What to Expect With End-Stage Heart Failure

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End-stage heart failure is the most advanced stage of congestive heart failure. At this point, treatments don’t offer too much symptom relief.

There are four stages of heart failure. The first two stages—A and B—are considered pre-heart failure, where lifestyle changes and medications can largely keep the condition at bay. By stage C, you may have symptoms like swollen limbs, fatigue, and shortness of breath with physical activity.

By stage D, the heart has experienced significant damage, and it has begun to affect how other organs work, like the kidneys. Treatment for this stage includes surgery, heart transplant, or ventricular assist devices. You may also pursue hospice care—treatment based on comfort alone.

Signs

Congestive heart failure is usually thought to be a condition of the heart, but it can affect other organs as it progresses. It continues to get worse with each flare-up, or exacerbation, and 90% of people with the condition eventually die of pump failure.1 This is when the heart can no longer function as a pump, and circulation of blood and oxygen through the body stops.

Symptoms of end-stage heart failure stem from this deterioration of the heart’s pumping power. As the heart grows weaker, it can’t pump enough blood to other parts of the body, and blood and fluids begin to back up.

Tissues and organs that don’t receive enough blood, oxygen, and nutrients fail to work effectively. The symptoms of end-stage heart failure are caused by the body’s attempt to compensate for a weakened heart.

Symptoms of end-stage heart failure are similar to those in stage C, only they are more severe. They may include:2

  • Swelling and fluid collection under the skin
  • Shortness of breath, even at rest
  • Pulmonary edema, where excess fluid fills the lungs’ air sacs
  • Weakness and fatigue, especially with physical activities
  • Low blood pressure
  • Malnutrition, or failure of your body to absorb nutrients
  • Sudden weight gain
  • Increased nighttime urination

Coping

As your end-stage heart failure progresses, it will become more difficult to perform routine daily activities like bathing or walking through your house. You may require home care, a move to a skilled nursing facility, or frequent or continued hospitalization.

At advanced stages, you may need to be hospitalized for intravenous medications, oxygen therapy, or other treatments. If you don’t improve with hospitalization or need skilled nursing care, your medical team may recommend hospice or palliative care:

  • Palliative care: Contrary to what many people believe, palliative care is not necessarily end-of-life care. Palliative care focuses on relieving symptoms and discomfort caused by a chronic illness. Treatments continue with palliative care in many cases, but there is a greater focus on improving the quality of life. In people with heart failure, a palliative care visit during a hospital stay for heart failure was linked to decreased future hospital stays and intensive care unit admissions, and fewer aggressive treatments.3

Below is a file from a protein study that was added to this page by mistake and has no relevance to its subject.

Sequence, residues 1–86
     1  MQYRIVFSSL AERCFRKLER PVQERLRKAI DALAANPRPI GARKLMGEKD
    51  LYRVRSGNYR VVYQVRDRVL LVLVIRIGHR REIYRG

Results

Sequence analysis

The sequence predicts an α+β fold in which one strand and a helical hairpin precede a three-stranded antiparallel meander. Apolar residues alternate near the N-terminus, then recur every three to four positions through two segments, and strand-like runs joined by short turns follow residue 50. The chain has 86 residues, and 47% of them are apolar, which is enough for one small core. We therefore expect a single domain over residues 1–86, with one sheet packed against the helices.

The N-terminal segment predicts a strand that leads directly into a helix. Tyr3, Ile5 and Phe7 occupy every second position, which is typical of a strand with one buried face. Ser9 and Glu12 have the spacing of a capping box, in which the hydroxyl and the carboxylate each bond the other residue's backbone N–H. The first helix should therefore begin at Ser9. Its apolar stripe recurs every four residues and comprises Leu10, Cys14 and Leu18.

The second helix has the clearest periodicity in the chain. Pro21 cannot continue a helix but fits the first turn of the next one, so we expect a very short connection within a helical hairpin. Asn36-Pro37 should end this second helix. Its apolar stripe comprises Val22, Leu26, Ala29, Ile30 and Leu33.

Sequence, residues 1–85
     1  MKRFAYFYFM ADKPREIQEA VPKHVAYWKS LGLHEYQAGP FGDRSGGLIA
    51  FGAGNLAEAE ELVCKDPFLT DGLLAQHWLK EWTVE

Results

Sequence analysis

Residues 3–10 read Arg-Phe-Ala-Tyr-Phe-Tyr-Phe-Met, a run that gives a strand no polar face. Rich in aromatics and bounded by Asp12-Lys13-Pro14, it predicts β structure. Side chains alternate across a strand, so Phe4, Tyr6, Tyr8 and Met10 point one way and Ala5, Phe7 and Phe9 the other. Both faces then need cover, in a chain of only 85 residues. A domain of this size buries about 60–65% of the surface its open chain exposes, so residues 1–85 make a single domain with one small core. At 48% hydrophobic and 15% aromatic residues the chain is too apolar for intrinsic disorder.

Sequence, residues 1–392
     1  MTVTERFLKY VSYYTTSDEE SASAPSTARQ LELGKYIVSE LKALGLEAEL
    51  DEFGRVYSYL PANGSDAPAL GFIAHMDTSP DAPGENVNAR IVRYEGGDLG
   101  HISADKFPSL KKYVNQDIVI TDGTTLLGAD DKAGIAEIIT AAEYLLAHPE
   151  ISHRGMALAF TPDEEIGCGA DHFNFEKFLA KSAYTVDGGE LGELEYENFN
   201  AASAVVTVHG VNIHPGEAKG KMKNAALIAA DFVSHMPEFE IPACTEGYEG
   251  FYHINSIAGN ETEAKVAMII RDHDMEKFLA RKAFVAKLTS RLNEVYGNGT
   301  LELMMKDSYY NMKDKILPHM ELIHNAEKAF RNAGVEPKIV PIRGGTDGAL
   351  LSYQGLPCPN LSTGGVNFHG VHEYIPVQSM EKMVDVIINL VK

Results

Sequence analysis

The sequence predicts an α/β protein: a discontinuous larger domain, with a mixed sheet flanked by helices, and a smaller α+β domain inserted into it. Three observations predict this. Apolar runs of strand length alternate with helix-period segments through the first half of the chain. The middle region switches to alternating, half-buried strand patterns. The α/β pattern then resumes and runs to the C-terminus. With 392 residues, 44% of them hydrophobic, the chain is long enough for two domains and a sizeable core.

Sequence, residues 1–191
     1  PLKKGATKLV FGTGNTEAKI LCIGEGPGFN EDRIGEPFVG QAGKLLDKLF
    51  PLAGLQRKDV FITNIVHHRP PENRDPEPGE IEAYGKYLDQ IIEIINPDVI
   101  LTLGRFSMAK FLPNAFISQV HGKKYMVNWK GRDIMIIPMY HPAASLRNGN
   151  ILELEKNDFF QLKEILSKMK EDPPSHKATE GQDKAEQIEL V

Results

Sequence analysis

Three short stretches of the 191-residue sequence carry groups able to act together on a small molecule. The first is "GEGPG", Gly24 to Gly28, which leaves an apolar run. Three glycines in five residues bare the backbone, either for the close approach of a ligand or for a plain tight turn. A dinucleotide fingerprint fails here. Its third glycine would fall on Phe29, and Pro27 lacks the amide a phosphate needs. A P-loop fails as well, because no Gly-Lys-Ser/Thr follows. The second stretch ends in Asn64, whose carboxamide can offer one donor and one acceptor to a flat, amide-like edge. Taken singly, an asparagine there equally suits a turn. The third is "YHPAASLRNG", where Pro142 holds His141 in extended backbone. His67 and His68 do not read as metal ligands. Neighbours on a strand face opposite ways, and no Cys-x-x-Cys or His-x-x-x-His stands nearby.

• Hospice care: Hospice care also focuses on comfort and quality of life, but you also make the decision with hospice care to forgo additional invasive or lifesaving measures.

Prognosis

Only about half of the people who have heart failure that’s in stage C or beyond live for five years after their diagnosis.3 More than a third of people with advanced heart failure die within a year of being hospitalized.

People who receive heart transplants or a ventricular assist device, which can help the heart pump out blood as it grows weaker, have a better outlook. While life expectancy on a ventricular assist device is limited, people can often expect to live 10 years or more after a successful cardiac transplant procedure.1

The American Heart Association (AHA) supports frequent conversations between you and your medical team in end-stage heart failure. Shared decision making is a partnership between you and your doctor where you openly and regularly discuss your condition, treatment options, and prognosis.

To help with the shared decision-making process, AHA offers the following checklist:4

  • Annual review of your condition and progress, current treatment goals, and plans to address emergencies and worsening of your condition
  • Review of treatment goals after “milestone” acute events like a hospitalization, heart attack, or need for defibrillator shock
  • Open and honest conversations about the side effects and quality of life impact that different treatments or worsening of symptoms may cause
  • Discussions about the impact of your condition and treatment options on you and your caregivers or family
  • Palliative care alongside medical treatment to help manage symptoms
  • Hospice care or other end-of-life planning to make sure your wishes are met when your condition advances

What Does Moving to Hospice Care Involve?

If you and your family have made the decision to pursue hospice care while receiving inpatient care, a case manager or social worker can help facilitate the process. If you are at home and would like to transition to hospice care, hospice agencies can help make the arrangements. Hospice agencies will review your needs and have a doctor order the appropriate medications for you. These medications will focus not on treating your condition, but on managing your symptoms and comfort as much as possible.

Caregiver Support

Supporting and caring for family and friends with end-stage heart failure can be difficult. At advanced heart failure stages, a person with this condition will need help with their daily activities.

Coping with the demands of caregiving can be difficult. If you are a caregiver, enlist the help of others, and involve your own healthcare providers in creating a plan that keeps your health and well-being in mind. There are services that can offer respite care, or temporary medical care for the people you care for when you need a break.